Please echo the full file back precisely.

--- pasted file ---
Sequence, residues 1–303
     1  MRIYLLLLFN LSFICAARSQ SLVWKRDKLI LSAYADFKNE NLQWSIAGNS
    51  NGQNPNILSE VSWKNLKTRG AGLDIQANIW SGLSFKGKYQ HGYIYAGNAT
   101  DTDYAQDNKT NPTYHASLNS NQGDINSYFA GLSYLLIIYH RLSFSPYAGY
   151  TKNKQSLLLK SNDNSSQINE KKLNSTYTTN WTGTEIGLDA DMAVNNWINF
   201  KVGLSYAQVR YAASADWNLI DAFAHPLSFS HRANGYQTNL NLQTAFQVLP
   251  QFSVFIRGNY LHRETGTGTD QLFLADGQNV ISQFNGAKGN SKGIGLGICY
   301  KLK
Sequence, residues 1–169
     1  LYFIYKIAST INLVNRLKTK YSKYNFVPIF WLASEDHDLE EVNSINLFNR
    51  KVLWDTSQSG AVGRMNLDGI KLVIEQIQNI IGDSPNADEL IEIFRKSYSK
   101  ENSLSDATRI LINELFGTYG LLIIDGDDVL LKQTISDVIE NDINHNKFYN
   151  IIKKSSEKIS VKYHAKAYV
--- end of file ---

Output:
Sequence, residues 1–303
     1  MRIYLLLLFN LSFICAARSQ SLVWKRDKLI LSAYADFKNE NLQWSIAGNS
    51  NGQNPNILSE VSWKNLKTRG AGLDIQANIW SGLSFKGKYQ HGYIYAGNAT
   101  DTDYAQDNKT NPTYHASLNS NQGDINSYFA GLSYLLIIYH RLSFSPYAGY
   151  TKNKQSLLLK SNDNSSQINE KKLNSTYTTN WTGTEIGLDA DMAVNNWINF
   201  KVGLSYAQVR YAASADWNLI DAFAHPLSFS HRANGYQTNL NLQTAFQVLP
   251  QFSVFIRGNY LHRETGTGTD QLFLADGQNV ISQFNGAKGN SKGIGLGICY
   301  KLK
Sequence, residues 1–169
     1  LYFIYKIAST INLVNRLKTK YSKYNFVPIF WLASEDHDLE EVNSINLFNR
    51  KVLWDTSQSG AVGRMNLDGI KLVIEQIQNI IGDSPNADEL IEIFRKSYSK
   101  ENSLSDATRI LINELFGTYG LLIIDGDDVL LKQTISDVIE NDINHNKFYN
   151  IIKKSSEKIS VKYHAKAYV